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Seven programs with the most on the line during July’s live period

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The July evaluation period will kick off on Wednesday at 5:00 p.m. We’ve already told you what the live period is and why it’s important. We’ve given you a list of 15 players to keep an eye on this month. And we’ve given you a full breakdown of what grassroots basketball is.

Today, we’ll break down seven programs with the most on the line heading into this month:

Auburn: “Auburn made huge news when it hired Bruce Pearl. Since then, the Tigers have landed commitments from Juco and graduate transfers, but Pearl’s show-cause penalty runs through late August. What that means is that he won’t be out on the recruiting trail this month. How does that hurt his Class of 2015? And if it does, will it hinder Pearl’s rebuild?” – Terrence Payne

Indiana: “Tom Crean had a lot of roster turnover this offseason, but in the past he could always rely on a stable base of in-state talent to come through as potential recruits. The Class of 2015 in Indiana doesn’t have as much to offer and the Hoosiers are in a lot of battles for marquee prospects. This will be an important July for Indiana.” – Scott Phillips

Missouri: “The biggest question when Missouri hired Kim Anderson to replace Frank Haith was going to be how the longtime Division II coach would be able to recruit. Well, he managed to keep Tim Fuller on staff and hired Huntington Prep coach Rob Fulford as an assistant, meaning that he’ll have the pieces in place to land a big time recruiting class. How will they fare in their first summer on the road together?” – Rob Dauster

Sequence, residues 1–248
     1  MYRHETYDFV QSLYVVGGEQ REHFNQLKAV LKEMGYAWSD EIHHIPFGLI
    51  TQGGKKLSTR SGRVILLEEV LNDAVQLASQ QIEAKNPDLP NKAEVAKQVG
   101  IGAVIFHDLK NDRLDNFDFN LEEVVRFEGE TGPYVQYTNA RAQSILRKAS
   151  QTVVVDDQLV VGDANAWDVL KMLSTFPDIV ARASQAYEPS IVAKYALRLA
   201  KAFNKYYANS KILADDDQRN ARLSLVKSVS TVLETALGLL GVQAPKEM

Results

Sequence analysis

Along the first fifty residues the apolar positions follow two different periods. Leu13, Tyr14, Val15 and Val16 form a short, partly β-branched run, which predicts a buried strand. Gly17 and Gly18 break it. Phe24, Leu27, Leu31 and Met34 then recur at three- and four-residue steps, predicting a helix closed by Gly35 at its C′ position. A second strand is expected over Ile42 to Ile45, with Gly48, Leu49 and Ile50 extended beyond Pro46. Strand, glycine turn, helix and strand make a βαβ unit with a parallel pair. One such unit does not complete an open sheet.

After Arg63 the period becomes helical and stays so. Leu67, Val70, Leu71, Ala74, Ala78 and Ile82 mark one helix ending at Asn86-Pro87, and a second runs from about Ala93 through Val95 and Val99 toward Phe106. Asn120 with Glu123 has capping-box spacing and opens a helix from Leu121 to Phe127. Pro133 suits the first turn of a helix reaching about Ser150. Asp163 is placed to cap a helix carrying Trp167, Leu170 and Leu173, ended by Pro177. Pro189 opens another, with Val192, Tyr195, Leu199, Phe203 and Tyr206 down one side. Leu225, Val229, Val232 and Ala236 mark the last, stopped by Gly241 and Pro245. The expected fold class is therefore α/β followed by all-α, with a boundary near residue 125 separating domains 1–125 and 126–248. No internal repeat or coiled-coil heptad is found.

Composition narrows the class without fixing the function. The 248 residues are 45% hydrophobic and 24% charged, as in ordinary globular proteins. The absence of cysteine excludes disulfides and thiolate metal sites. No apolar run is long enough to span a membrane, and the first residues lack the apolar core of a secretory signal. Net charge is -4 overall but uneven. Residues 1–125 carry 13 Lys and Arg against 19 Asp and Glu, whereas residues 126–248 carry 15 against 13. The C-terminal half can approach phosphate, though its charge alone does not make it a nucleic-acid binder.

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Oregon: “The Ducks have three talented guards joining the program this season (JaQuan Lyle, Casey Benson and Ahmaad Rorie), and they’ve also landed 2015 guard Kendall Small. But with Joseph Young entering his senior year and the tumultuous offseason the program’s had to deal with, this will be an important month when it comes to Dana Altman and his staff placing the program back on solid ground.” – Raphielle Johnson

Virginia Tech: “Buzz Williams left a very successful program at Marquette, where he was a very successful recruiter, to join the ACC with Virginia Tech and it’ll be very interesting to see if he can pull in major recruits to the East Coast. How will new recruits respond to Virginia Tech? That’s one of the biggest questions entering July.” – SP

Wisconsin: “You don’t usually throw Bo Ryan’s ballclub in the mix of major recruiting battles, but coming off of a Final Four, Wisconsin needs to be in the mix for two in-state five-star big men in Henry Ellenson and Diamond Stone. If the Badgers can land one of those two big men, Bo Ryan and Wisconsin fans will be ecstatic. Skilled bigs thrive in Bo Ryan’s system, and Ellenson and Stone are both really skilled.” – SP

The entire Big East: “One of the reasons that Buzz Williams left Marquette had to do with the formation of the new Big East and the level at which that conference and the programs within that conference will be able to compete in the future. Will it maintain a status of being one of the marquee basketball leagues in the country, or will it fall into relative irrelevance without games on ESPN and without a high-major football league associated with it?” – RD

Five more teams that need a strong 2015 recruiting class:

  • Arizona: “Sean Miller could end up losing a lot of talent after next season. He’s been the king of west coast recruiting lately and initially had a back court of two, five-star guards, but saw Dorsey decommit last month.” – TP